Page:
- K. J. Livak and T. D. Schmittgen, “Analysis of relative gene expression data using real-time quantitative PCR and the 2-ΔΔCT method,” Methods, vol. 25, no. 4, pp. 402–408, 2001.
- V. G. Tusher, R. Tibshirani, and G. Chu, “Significance analysis of microarrays applied to the ionizing radiation response,” Proceedings of the National Academy of Sciences of the United States of America, vol. 98, no. 9, pp. 5116–5121, 2001.
- B. Haibe-Kains, C. Desmedt, F. Piette et al., “Comparison of prognostic gene expression signatures for breast cancer,” BMC Genomics, vol. 9, article 394, 2008.
- C. Sotiriou and L. Pusztai, “Gene-expression signatures in breast cancer,” The New England Journal of Medicine, vol. 360, no. 8, pp. 752–800, 2009.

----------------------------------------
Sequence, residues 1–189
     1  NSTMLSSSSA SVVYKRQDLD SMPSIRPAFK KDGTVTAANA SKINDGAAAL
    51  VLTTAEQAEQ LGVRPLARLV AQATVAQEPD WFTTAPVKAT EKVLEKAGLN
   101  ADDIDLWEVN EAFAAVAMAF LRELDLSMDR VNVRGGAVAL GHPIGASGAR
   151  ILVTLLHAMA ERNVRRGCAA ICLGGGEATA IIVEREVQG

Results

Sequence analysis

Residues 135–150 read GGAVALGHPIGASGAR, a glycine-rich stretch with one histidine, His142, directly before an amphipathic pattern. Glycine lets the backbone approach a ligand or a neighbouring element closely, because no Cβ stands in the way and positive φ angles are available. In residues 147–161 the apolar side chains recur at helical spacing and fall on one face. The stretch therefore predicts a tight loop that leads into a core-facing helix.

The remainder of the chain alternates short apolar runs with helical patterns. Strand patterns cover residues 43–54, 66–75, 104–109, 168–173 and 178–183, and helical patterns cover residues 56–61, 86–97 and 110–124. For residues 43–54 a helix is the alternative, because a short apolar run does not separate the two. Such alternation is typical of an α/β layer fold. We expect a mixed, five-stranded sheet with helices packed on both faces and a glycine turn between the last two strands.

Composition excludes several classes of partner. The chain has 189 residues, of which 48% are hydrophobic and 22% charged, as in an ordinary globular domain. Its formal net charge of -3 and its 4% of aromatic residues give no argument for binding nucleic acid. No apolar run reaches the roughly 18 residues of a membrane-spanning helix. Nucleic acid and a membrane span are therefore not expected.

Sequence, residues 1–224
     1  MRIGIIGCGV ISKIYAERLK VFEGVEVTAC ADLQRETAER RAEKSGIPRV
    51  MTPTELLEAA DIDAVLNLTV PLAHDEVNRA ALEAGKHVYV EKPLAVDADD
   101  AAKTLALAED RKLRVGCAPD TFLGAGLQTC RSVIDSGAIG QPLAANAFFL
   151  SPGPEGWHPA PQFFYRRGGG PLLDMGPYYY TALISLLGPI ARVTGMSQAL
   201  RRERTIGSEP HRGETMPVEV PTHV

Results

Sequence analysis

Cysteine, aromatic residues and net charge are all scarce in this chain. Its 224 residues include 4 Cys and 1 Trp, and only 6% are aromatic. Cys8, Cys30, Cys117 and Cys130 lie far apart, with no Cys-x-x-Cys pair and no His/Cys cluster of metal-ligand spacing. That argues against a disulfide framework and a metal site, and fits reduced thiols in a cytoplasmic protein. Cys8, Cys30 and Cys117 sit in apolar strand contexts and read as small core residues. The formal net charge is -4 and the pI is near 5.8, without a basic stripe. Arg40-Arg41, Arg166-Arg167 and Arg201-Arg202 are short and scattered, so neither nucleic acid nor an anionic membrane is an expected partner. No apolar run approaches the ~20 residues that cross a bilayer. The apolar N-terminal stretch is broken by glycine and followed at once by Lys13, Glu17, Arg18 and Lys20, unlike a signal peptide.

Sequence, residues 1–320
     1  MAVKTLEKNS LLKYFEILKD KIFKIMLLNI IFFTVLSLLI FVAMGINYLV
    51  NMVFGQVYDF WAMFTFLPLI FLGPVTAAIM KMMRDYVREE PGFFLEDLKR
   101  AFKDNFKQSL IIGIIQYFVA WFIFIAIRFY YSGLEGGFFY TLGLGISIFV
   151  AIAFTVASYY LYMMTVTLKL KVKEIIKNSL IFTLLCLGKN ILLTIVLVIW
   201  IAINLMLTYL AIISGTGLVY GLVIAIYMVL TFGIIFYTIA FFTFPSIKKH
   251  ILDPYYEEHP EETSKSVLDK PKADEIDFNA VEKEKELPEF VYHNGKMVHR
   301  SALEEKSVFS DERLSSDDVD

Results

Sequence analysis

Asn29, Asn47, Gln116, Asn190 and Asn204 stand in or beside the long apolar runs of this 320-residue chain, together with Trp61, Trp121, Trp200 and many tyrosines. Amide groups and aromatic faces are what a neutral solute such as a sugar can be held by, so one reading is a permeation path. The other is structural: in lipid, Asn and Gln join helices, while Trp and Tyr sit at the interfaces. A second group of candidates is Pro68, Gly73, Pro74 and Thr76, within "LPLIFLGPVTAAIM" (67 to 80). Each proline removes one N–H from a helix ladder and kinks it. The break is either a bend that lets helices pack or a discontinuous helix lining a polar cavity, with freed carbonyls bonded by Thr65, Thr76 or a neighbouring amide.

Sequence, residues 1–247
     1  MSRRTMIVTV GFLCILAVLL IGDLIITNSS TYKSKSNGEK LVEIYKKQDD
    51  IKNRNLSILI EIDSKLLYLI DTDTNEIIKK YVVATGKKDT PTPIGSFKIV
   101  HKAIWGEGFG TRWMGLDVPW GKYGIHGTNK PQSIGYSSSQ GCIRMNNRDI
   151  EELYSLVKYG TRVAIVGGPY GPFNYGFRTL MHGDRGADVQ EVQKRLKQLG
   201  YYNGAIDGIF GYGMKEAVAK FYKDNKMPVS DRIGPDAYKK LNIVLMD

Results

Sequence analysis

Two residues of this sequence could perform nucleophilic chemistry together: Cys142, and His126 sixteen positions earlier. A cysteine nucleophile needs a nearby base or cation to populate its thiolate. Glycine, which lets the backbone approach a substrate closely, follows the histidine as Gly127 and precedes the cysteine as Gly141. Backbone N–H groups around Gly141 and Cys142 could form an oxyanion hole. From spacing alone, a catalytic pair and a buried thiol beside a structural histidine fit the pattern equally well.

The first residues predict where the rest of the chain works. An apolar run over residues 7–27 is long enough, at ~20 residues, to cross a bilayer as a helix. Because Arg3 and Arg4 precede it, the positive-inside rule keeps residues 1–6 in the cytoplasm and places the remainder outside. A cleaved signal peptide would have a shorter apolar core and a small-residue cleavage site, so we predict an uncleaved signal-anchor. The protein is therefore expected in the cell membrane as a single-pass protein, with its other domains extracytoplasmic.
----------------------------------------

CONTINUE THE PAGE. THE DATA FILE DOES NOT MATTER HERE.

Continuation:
- B. Weigelt, F. L. Baehner, and J. S. Reis-Filho, “The contribution of gene expression profiling to breast cancer classification, prognostication and prediction: a retrospective of the last decade,” Journal of Pathology, vol. 220, no. 2, pp. 263–280, 2010.
- F. Cardoso, M. Piccart-Gebhart, L. Van't Veer, and E. Rutgers, “The MINDACT trial: the first prospective clinical validation of a genomic tool,” Molecular Oncology, vol. 1, no. 3, pp. 246–251, 2007.
- S. Paik, “Development and clinical utility of a 21-gene recurrence score prognostic assay in patients with early breast cancer treated with tamoxifen,” Oncologist, vol. 12, no. 6, pp. 631–635, 2007.
- S. F. Ma, D. N. Grigoryev, A. D. Taylor et al., “Bioinformatic identification of novel early stress response genes in rodent models of lung injury,” American Journal of Physiology, vol. 289, no. 3, pp. L468–L477, 2005.
- M. Ruel, C. Bianchi, T. A. Khan et al., “Gene expression profile after cardiopulmonary bypass and cardioplegic arrest,” Journal of Thoracic and Cardiovascular Surgery, vol. 126, no. 5, pp. 1521–1530, 2003.